SLR - April 2020 - Kelly J. Rogers

How Does Perioperative Ketorolac Affect Opioid Consumption and Pain Management after Ankle Fracture Surgery?

Reference: McDonald EL, Daniel JN, Rogero RG, Shakked RJ, Nicholson K, Pedowitz DI, Raikin SM, Bilolikar V, Winters BS. How Does Perioperative Ketorolac Affect Opioid Consumption and Pain Management after Ankle Fracture Surgery? Clinical Orthopaedics Related Research. 2020 Jan;478(1):144-151

Scientific Literature Review

Reviewed By: Kelly J. Rogers, DPM
Residency Program: Northwell Health Long Island Jewish Forest Hills Hospital – Queens, NY

Podiatric Relevance: The rising opioid epidemic has led to cautious prescribing habits for post-operative pain in the orthopedic community. Minimizing post-operative pain in foot and ankle surgery, especially in the setting of fracture repair is critical to patient satisfaction and clinical outcome. NSAID use remains controversial due to concerns for increased risk of delayed bone healing. This prospective randomized study included 128 patients and investigated whether postoperative ketorolac use reduced opioid use and improved VAS pain control after open reduction internal fixation (ORIF) of ankle fractures while also assessing its impact on fracture healing.  

Methods: This is a Level I, randomized, controlled, therapeutic study of 128 patients from August 2016 to December 2017 who had undergone ORIF of isolated lateral malleolar, bimalleolar or trimalleolar ankle factures. Patients who met inclusion criteria were randomized into treatment with or without ketorolac in a parallel design. Treatment group received 30 miligrams IV ketorolac intra-op and 20 tablets of 10 miligrams ketorolac PO Q6hrs plus 30 tabs of Percocet as needed. The control group only received 30 tabs Percocet as needed. The primary outcome of the study wasnarcotic consumption during the first seven days after surgery. Clinical assessment was based on patient’s ability to ambulate 12 weeks postoperative while fracture healing was assessed by blinded surgeons for radiographic resolution of fracture line. Delayed union was defined as presence of fracture line at 12 weeks post op. No advanced images were used. Medication compliance was self-reported by patients based on surveys.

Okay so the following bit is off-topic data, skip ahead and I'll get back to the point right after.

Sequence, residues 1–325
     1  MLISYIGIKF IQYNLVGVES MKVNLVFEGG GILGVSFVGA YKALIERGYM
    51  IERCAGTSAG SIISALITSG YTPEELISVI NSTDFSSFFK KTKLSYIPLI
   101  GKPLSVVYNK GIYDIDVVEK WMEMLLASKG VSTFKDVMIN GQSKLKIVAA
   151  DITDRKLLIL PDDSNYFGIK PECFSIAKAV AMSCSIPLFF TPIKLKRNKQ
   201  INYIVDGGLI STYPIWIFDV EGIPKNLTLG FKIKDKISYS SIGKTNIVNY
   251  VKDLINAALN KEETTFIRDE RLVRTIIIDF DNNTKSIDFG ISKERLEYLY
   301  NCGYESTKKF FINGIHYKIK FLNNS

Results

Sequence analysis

Results: Opioid consumption was reduced in the grouptreated with ketorolac. In the treatment group a mean of 14.0 ± 11.8 tablets of Percocet was used in the first seven days post-op versus 19.3 ± 13.9 in the control group. More specifically, patients who received ketorolac consumed less Percocet the first two days after surgery. However patient-reported pain scores and sleep scores didn’t show statistical significance. No differences were found between the study groups in fracture union rate by 12 weeks after surgery. No other complications were reported including gastrointestinal adverse events. 
Conclusions: The addition of ketorolac decreased the use of opioid medication. This study shows no evidence of interference with osteogenesis and fracture nonunion although the sample size is underpowered to effectively assess affects on fracture healing. Other limitations include the determination of healing was without assistance of advanced imaging such as CT. Patients self-reported the number of opioids used, which may introduce bias. On average, a difference of five opioid tablets were reported between the two groups with the greatest reduction of consumption occurring the first two days after surgery. Twelve weeks after ORIF, greater than 80 percent of patients in both groups had evidence of clinical and radiographic fracture healing with no differences between the two groups. Adjunct use of ketorolac in ankle ORIF is generally safe in terms of fracture healing with a low side effect profile making it a valid option in reducing post-op pain and reducing opioid use.  

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